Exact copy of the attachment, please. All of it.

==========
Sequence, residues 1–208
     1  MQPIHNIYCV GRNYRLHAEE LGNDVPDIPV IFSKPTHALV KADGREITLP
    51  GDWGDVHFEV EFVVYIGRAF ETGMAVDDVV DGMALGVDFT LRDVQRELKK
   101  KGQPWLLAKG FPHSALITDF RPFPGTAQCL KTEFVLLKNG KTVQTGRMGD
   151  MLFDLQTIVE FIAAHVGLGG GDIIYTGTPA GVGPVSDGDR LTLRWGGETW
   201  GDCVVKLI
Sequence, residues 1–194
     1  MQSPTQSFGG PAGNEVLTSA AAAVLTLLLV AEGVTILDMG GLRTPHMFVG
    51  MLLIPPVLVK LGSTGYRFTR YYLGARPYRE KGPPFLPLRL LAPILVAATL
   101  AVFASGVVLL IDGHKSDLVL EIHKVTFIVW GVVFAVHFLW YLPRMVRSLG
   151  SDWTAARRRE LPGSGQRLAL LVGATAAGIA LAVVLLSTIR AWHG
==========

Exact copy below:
Sequence, residues 1–208
     1  MQPIHNIYCV GRNYRLHAEE LGNDVPDIPV IFSKPTHALV KADGREITLP
    51  GDWGDVHFEV EFVVYIGRAF ETGMAVDDVV DGMALGVDFT LRDVQRELKK
   101  KGQPWLLAKG FPHSALITDF RPFPGTAQCL KTEFVLLKNG KTVQTGRMGD
   151  MLFDLQTIVE FIAAHVGLGG GDIIYTGTPA GVGPVSDGDR LTLRWGGETW
   201  GDCVVKLI
Sequence, residues 1–194
     1  MQSPTQSFGG PAGNEVLTSA AAAVLTLLLV AEGVTILDMG GLRTPHMFVG
    51  MLLIPPVLVK LGSTGYRFTR YYLGARPYRE KGPPFLPLRL LAPILVAATL
   101  AVFASGVVLL IDGHKSDLVL EIHKVTFIVW GVVFAVHFLW YLPRMVRSLG
   151  SDWTAARRRE LPGSGQRLAL LVGATAAGIA LAVVLLSTIR AWHG